Regardless of where you are, whether you overshot the mark or didn’t have a mark in the first place, there’s NO judgement here. Heck, I’ve long since stopped setting goals thinking I’ll literally achieve them by the exact deadline, but that doesn’t mean I don’t still plan for success. You can’t succeed if you don’t at least try, right? And part of being a creative introvert who attempts to make a living doing what they love, is trying, failing, making adjustments and trying again.
Anyway, I know that planning is what I’m spending some time on this week, and I figured it would be worthwhile sharing what my plan is to plan for the next 6 months… if that makes sense. Basically, this is your plan for planning.
And I know not every creative introvert listening will be quite the fan of planning as I am. But the point of this episode is to try to break down the process of planning in a way that is as pain-free as possible, that you can do within an hour and that you can actually implement over the next 6 months without losing track or getting overwhelmed. So if you’re a procrastinator or a rebel (see Gretchen Rubin’s Four Tendencies for more on that) then I highly recommend giving this process a try. Can’t hurt to try, right?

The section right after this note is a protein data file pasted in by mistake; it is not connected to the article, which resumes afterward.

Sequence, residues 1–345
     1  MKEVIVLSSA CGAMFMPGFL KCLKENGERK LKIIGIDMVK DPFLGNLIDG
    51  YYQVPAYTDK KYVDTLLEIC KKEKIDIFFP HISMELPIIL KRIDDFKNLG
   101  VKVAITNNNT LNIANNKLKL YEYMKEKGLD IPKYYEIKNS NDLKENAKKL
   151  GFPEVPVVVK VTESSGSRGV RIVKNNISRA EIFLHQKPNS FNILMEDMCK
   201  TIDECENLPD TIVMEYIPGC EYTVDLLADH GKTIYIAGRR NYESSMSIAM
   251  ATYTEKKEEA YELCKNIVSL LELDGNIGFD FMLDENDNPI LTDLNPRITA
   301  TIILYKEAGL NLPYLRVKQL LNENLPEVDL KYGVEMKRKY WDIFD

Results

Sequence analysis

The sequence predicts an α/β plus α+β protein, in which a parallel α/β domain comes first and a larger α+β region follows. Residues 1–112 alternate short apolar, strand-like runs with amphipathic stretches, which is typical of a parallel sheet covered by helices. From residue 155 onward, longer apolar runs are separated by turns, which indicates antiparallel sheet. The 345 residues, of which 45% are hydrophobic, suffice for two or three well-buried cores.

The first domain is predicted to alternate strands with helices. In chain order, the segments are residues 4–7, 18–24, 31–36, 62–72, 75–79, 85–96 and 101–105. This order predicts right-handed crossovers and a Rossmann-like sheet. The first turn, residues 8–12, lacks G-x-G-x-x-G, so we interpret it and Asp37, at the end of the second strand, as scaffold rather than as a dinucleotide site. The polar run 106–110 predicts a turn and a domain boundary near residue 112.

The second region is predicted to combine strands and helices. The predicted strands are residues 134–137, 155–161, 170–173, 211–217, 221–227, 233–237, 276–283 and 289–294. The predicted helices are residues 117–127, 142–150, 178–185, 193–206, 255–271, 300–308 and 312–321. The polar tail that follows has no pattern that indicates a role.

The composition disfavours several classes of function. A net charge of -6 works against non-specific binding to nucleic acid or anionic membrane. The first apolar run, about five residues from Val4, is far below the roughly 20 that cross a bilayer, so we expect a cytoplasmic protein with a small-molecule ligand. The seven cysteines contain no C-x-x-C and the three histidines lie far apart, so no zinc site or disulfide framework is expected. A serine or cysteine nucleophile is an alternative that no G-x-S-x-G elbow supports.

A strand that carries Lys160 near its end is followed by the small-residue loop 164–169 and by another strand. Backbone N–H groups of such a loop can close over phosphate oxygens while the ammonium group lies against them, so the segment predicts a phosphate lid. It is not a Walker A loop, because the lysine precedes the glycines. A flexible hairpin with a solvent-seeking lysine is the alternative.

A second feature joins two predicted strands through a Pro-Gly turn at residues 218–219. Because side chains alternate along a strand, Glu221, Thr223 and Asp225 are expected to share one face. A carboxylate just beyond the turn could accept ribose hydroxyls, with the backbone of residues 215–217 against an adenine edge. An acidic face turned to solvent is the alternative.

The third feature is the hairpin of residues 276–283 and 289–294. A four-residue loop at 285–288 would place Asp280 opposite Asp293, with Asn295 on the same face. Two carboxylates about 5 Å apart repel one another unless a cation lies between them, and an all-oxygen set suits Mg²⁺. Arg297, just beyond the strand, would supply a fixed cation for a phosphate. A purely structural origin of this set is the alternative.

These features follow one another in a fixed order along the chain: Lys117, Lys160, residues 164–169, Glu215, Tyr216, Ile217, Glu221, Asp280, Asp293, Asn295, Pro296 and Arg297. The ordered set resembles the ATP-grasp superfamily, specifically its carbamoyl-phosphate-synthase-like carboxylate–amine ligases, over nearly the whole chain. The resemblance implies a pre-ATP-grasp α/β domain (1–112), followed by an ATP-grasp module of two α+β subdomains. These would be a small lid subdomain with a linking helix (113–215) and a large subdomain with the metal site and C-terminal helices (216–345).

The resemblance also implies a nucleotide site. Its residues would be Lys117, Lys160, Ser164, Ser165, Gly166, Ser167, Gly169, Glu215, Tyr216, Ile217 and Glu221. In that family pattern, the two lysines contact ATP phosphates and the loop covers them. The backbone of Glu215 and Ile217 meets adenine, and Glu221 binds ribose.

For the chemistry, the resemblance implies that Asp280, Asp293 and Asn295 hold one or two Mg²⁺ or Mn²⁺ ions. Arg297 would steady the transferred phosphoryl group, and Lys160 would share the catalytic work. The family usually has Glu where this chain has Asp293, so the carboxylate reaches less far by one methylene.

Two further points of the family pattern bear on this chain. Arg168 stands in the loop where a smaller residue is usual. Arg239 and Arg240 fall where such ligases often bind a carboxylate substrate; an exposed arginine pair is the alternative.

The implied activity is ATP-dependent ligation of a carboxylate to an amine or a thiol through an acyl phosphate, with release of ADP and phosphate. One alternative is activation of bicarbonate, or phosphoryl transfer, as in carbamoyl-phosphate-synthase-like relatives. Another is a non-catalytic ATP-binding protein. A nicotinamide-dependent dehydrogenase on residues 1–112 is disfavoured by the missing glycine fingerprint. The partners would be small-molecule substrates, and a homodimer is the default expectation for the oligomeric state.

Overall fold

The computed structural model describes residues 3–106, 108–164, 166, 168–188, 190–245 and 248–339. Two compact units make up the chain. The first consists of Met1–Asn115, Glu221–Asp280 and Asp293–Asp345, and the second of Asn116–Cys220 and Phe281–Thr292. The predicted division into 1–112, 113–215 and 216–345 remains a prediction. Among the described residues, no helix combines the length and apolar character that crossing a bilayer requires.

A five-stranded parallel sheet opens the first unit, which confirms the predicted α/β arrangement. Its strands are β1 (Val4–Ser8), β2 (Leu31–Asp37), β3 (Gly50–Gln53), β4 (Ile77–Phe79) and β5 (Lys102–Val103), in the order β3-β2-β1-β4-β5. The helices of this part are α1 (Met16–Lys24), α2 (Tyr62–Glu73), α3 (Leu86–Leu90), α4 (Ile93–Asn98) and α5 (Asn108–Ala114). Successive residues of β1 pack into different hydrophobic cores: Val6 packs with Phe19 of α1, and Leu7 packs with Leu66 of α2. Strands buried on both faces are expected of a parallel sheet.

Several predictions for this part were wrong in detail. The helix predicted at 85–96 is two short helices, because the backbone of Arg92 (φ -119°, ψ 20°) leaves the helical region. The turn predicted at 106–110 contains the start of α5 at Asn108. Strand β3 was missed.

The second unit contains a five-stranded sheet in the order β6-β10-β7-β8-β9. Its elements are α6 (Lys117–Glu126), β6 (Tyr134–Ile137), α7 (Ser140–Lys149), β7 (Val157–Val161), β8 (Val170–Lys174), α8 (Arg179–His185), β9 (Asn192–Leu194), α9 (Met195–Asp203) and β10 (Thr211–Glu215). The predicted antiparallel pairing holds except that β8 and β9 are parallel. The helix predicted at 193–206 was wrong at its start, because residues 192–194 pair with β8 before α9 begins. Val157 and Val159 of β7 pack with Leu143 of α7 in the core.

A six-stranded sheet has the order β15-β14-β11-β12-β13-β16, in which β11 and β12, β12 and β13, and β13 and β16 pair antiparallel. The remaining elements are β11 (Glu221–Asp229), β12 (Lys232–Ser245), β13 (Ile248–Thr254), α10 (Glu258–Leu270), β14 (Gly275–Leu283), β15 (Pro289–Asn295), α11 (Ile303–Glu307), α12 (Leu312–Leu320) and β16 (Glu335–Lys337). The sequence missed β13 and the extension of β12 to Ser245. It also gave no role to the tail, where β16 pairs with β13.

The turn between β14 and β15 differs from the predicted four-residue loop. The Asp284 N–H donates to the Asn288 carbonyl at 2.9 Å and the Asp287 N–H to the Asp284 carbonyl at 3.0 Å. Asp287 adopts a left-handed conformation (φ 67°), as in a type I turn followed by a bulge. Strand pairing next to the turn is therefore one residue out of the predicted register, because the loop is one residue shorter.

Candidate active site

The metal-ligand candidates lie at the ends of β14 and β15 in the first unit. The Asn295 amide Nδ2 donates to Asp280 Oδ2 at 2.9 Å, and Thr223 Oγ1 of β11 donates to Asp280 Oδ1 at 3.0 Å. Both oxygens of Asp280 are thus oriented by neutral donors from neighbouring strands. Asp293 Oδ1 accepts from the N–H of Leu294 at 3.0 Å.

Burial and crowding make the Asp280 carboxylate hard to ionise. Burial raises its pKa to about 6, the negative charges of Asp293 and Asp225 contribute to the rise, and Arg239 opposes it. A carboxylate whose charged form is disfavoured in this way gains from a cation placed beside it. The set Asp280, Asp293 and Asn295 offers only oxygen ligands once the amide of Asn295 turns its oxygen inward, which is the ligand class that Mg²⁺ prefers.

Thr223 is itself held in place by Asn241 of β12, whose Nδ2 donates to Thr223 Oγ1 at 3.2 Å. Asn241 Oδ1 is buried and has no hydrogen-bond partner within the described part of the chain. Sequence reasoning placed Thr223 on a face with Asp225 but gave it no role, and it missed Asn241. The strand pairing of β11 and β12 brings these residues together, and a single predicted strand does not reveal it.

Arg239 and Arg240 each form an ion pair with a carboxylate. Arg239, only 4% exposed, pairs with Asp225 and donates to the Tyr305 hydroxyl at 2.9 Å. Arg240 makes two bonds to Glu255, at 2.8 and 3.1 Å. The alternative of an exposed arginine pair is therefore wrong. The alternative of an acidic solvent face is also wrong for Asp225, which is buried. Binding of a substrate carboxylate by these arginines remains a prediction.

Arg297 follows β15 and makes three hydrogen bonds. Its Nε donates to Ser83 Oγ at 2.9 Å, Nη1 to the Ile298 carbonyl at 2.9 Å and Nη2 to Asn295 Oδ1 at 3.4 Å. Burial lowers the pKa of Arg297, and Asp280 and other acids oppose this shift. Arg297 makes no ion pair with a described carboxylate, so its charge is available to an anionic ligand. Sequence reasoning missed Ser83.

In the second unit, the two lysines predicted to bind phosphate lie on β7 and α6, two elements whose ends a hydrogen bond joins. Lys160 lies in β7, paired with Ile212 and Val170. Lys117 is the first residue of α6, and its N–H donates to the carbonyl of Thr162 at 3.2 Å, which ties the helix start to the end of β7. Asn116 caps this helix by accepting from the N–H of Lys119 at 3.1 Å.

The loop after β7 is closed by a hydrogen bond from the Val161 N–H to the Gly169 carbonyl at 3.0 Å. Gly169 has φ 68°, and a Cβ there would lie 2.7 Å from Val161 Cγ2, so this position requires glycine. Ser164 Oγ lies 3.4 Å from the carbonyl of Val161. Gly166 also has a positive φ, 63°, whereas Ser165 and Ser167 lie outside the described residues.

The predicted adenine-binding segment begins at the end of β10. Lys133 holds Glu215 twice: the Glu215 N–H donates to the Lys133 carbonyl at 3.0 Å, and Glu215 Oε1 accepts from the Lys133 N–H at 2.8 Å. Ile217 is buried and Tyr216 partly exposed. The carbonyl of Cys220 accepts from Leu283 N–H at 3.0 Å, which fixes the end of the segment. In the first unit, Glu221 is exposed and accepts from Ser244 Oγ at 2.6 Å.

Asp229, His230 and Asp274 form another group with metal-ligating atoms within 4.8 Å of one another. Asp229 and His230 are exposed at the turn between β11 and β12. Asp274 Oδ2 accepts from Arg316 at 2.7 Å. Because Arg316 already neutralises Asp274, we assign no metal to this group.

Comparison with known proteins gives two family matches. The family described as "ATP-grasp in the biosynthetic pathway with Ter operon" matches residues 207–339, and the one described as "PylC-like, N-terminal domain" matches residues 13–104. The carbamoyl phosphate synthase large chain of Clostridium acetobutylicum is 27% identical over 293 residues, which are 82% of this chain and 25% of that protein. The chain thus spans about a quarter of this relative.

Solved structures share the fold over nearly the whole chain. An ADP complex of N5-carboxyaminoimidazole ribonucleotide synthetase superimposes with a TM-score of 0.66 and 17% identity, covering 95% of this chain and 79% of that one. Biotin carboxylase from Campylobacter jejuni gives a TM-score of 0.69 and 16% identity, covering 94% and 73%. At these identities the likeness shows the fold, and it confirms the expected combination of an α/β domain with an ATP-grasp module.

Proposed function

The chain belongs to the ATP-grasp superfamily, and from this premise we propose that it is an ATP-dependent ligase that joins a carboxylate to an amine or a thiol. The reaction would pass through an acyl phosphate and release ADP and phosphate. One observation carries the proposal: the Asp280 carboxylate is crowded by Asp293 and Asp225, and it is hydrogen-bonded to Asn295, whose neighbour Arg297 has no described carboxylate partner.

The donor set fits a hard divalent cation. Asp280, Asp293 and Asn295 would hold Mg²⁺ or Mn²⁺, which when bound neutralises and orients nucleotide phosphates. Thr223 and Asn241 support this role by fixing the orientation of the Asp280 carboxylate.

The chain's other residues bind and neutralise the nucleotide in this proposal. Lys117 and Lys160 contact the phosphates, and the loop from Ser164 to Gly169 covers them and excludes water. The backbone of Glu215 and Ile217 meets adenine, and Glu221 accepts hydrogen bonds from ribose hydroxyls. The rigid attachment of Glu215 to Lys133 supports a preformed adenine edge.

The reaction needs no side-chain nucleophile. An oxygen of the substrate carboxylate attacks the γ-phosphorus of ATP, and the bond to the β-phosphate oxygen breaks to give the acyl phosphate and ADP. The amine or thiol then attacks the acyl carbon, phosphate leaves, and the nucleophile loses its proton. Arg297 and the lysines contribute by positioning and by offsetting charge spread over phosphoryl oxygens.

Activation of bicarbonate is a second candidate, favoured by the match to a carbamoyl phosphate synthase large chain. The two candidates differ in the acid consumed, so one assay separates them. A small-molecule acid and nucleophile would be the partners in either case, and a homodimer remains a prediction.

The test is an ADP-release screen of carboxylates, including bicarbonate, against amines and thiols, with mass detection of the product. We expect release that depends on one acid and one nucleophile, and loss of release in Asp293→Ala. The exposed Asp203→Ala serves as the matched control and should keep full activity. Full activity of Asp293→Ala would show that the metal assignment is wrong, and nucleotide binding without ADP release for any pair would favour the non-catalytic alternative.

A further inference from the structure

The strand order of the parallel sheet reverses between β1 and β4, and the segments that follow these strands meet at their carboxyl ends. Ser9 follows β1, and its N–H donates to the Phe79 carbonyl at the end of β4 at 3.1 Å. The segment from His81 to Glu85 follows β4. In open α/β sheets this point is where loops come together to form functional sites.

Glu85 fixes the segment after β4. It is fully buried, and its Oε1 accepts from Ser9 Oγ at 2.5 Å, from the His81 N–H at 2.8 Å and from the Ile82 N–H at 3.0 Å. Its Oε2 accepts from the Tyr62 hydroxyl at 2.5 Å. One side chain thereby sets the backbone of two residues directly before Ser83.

I’ve also made a handy printable PDF guide that will take you through this planning process, so if you’re in the car or out running or doing the ironing, you don’t have to worry about taking notes: it’s all there ready for you below:
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OK, without further ado, let’s get to the plan…